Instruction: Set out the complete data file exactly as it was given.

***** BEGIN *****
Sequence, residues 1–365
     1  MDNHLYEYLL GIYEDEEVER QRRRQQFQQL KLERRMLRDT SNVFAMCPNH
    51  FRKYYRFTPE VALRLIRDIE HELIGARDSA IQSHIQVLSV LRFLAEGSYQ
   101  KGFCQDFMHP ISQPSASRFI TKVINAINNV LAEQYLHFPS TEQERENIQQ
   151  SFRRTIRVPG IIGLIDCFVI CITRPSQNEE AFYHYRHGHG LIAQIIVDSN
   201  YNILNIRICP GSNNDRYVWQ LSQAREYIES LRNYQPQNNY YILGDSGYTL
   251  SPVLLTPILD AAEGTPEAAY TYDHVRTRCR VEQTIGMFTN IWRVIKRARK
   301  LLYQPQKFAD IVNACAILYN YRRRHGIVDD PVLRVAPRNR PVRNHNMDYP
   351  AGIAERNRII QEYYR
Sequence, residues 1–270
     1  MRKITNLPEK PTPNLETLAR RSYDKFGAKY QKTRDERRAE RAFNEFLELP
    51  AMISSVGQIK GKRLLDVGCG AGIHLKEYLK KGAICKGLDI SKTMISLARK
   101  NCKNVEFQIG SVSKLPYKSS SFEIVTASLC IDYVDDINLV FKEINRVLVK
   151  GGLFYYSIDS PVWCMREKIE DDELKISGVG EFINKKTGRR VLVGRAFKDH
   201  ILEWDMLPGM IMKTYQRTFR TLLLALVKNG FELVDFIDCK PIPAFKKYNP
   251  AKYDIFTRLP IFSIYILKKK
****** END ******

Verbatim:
Sequence, residues 1–365
     1  MDNHLYEYLL GIYEDEEVER QRRRQQFQQL KLERRMLRDT SNVFAMCPNH
    51  FRKYYRFTPE VALRLIRDIE HELIGARDSA IQSHIQVLSV LRFLAEGSYQ
   101  KGFCQDFMHP ISQPSASRFI TKVINAINNV LAEQYLHFPS TEQERENIQQ
   151  SFRRTIRVPG IIGLIDCFVI CITRPSQNEE AFYHYRHGHG LIAQIIVDSN
   201  YNILNIRICP GSNNDRYVWQ LSQAREYIES LRNYQPQNNY YILGDSGYTL
   251  SPVLLTPILD AAEGTPEAAY TYDHVRTRCR VEQTIGMFTN IWRVIKRARK
   301  LLYQPQKFAD IVNACAILYN YRRRHGIVDD PVLRVAPRNR PVRNHNMDYP
   351  AGIAERNRII QEYYR
Sequence, residues 1–270
     1  MRKITNLPEK PTPNLETLAR RSYDKFGAKY QKTRDERRAE RAFNEFLELP
    51  AMISSVGQIK GKRLLDVGCG AGIHLKEYLK KGAICKGLDI SKTMISLARK
   101  NCKNVEFQIG SVSKLPYKSS SFEIVTASLC IDYVDDINLV FKEINRVLVK
   151  GGLFYYSIDS PVWCMREKIE DDELKISGVG EFINKKTGRR VLVGRAFKDH
   201  ILEWDMLPGM IMKTYQRTFR TLLLALVKNG FELVDFIDCK PIPAFKKYNP
   251  AKYDIFTRLP IFSIYILKKK